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GTTS Go To The Source


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That happened where I work too. They were going through 4 barrels a day per shift, per slurry room. Now the safflower oil comes in a 275 gallon bag in a box (5 barrels worth). The cardboard box is around 1.5" - 1.75" thick.

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Remodeling an old barn, and found all manner of rusty gold.  There were several old jackhammer bits driven into the ground used as stakes.  A couple of "Kelly bars", 2 square, one octagon.  and 2 complete plow shanks from a spring tooth harrow, which I intend to salvage for use as they were intended.

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Kelly bars are typically medium carbon or the high alloy equivalent to resist work hardening but be stiff. It's good hammer stock at least. Test it to discern what it'll require and potential uses.

Frosty The Lucky.

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  • 1 month later...

Earlier in the thread, lead wheel weights are mentioned. You have to be really careful using them these days, as they are using non-lead more and more. Melting them can be toxic, and the untrained eye wouldn’t know the difference. I learned about it pouring fishing weights

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The newer wheel weights have a lot of zinc in them. They melt at a higher temp & will float while the older ones will sink in the melt and I pick out the zinc ones before they melt. The best wheel weights to use are the stick on ones used on mag wheels, they are pure lead. I use them to cast bullets/ round balls for my muzzleloder's.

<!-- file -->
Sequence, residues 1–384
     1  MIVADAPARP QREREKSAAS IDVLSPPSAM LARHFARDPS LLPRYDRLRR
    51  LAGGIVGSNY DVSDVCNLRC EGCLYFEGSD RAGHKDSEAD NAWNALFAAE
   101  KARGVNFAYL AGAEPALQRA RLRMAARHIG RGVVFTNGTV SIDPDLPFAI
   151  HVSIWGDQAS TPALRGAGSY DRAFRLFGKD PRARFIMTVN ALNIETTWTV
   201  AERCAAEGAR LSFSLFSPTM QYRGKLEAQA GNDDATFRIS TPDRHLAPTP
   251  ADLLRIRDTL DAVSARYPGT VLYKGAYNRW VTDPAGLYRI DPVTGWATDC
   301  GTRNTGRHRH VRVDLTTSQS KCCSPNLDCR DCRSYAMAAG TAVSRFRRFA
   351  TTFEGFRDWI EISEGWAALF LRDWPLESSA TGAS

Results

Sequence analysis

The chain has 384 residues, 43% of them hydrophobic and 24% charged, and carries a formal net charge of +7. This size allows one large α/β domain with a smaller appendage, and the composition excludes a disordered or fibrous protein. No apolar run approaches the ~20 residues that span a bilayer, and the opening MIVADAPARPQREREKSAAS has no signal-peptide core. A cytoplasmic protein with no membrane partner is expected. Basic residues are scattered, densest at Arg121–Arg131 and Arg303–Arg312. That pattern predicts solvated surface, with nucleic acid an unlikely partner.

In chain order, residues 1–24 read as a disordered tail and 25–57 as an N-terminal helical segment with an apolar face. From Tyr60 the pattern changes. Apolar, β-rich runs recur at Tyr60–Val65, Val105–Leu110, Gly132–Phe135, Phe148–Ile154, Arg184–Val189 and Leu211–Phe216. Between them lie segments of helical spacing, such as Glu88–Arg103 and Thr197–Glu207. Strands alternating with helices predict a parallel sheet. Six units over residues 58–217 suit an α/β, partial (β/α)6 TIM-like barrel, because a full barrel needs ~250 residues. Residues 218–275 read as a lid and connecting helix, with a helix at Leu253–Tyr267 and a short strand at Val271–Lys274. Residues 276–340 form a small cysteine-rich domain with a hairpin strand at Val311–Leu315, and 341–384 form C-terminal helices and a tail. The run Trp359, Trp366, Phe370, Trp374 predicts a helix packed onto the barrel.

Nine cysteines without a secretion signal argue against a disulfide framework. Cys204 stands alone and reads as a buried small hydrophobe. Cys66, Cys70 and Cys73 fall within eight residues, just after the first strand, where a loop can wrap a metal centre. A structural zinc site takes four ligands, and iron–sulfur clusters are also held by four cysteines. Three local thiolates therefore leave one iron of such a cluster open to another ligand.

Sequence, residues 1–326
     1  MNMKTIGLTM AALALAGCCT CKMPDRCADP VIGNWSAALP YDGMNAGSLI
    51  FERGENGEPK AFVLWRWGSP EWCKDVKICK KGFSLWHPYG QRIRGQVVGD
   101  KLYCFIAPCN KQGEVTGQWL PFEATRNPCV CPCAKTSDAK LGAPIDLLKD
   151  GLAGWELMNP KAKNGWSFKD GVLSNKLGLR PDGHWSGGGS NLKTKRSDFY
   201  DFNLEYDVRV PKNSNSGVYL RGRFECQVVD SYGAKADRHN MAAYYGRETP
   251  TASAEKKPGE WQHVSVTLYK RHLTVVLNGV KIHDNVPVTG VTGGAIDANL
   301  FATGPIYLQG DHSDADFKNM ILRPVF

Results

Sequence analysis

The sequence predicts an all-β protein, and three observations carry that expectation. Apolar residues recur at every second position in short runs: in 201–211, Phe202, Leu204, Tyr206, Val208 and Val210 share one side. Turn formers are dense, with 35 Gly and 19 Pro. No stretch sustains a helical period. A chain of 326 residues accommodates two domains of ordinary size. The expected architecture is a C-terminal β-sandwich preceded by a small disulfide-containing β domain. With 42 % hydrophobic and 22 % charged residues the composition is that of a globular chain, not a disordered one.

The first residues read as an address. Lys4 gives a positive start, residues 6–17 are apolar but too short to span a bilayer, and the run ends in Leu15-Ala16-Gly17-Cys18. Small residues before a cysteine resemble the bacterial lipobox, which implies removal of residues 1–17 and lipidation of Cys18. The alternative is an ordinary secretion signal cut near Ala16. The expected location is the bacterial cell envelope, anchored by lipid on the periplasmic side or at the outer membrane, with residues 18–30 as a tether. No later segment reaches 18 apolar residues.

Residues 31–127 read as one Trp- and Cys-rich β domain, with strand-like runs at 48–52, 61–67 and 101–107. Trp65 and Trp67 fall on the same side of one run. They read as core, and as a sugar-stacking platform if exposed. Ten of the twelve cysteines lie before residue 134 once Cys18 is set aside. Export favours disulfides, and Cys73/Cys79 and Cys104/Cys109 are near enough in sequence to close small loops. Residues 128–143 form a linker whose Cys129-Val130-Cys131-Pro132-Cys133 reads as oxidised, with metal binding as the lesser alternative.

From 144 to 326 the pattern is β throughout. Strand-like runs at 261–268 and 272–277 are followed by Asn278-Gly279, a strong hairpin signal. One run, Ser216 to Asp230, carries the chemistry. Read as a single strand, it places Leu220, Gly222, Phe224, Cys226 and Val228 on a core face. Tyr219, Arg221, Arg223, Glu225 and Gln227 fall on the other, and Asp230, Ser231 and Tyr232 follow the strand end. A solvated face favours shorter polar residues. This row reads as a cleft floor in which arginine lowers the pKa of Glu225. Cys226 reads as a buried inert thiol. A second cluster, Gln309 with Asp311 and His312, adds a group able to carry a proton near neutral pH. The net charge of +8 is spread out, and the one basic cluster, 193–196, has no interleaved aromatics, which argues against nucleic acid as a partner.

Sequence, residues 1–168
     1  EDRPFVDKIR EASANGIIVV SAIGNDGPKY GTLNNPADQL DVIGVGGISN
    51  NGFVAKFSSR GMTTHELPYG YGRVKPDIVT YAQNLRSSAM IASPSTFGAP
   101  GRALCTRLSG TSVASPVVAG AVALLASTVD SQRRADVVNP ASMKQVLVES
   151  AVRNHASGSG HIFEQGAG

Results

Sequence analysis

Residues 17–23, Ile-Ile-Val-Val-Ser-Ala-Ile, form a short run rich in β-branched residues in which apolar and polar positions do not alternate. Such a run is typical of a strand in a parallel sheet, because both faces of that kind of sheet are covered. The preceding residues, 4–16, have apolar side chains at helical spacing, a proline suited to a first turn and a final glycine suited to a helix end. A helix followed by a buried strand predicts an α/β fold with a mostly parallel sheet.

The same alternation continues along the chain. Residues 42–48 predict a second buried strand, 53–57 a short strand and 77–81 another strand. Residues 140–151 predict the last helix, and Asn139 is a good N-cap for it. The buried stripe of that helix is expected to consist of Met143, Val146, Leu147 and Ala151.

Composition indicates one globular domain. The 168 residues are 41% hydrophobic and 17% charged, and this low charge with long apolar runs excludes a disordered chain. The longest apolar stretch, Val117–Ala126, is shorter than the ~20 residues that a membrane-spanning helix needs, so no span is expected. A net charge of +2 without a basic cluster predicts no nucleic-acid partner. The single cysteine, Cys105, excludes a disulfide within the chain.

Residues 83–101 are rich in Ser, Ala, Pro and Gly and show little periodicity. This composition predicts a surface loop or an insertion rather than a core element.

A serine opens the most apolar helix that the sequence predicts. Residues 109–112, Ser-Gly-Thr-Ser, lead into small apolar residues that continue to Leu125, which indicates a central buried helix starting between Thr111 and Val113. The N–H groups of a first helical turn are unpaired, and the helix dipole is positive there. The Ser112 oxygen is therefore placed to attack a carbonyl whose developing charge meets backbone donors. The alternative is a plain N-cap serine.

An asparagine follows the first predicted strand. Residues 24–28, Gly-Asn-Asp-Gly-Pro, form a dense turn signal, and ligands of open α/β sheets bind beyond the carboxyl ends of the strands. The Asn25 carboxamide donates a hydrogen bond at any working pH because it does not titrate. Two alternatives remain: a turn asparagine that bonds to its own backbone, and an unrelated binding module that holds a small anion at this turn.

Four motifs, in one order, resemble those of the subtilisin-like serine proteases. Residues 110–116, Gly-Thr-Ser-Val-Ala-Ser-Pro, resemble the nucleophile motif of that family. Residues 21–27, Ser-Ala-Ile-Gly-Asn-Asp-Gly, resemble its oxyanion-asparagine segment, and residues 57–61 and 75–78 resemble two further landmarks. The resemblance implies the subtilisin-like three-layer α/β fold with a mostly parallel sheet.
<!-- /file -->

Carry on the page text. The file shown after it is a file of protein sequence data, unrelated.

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That’s what I did as well. I know a number of guys would use a melting pot over fire, and it got hot enough to start getting gas off of the zink, from what I remember. I was always super careful when sorting and poured from a melting pot. 

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Worked for a number of years at a mom and pop auto/farm/industrial parts store, we were one of the few that still turned rotors and drums. Nearly 1/2 the time new rotors were cheaper or the rotors were out of spec and could not be turned. Few customers wanted to take home their old rotors when they bought new. They would pile up in barrels behind the store for a long time before someone thought it was worth the time and potential flat tires hauling them to sell at the scrap yard.  Clearly most of this was not great metal, but a lot of it was quite thick.  More than one of my home made vices had jaws from brake rotors.  Several work stands had rotors or drums as bases, and a few were modified to become dishing forms.  I suspect most shops would gladly give these away, or be very happy to sell at a good price to avoid the hassle of recycling.     Another great resource from there was 1 inch thick hexiboard cardboard.  These are roughly 4 foot square, 1 inch thick cardboard sheets. They were used as spacers between boxes on pallet deliveries. One of the best packing materials I’ve ever found for either fragile or heavy items.  So much so that 10 years after I left the place I still visit once a month to buy them. (I say buy because they would gladly give me whatever they have laying around when I visit, but when I pay they go to the effort of collecting them, storing them, and don’t let any hit the dumpster)

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Johan, that is called honeycomb. You can also get aluminum sheets with an aluminum honeycomb core in it. Very strong and lightweight.  All I have ever found is blocks of it, never sheets.  The separators for the pallets at work are inflatable bags. Slip in between the pallets and air up to 3psi. The guys just slice them to release the air instead of deflating them. I want to get a few to play around with making sand/ soft ground air jacks for the car.

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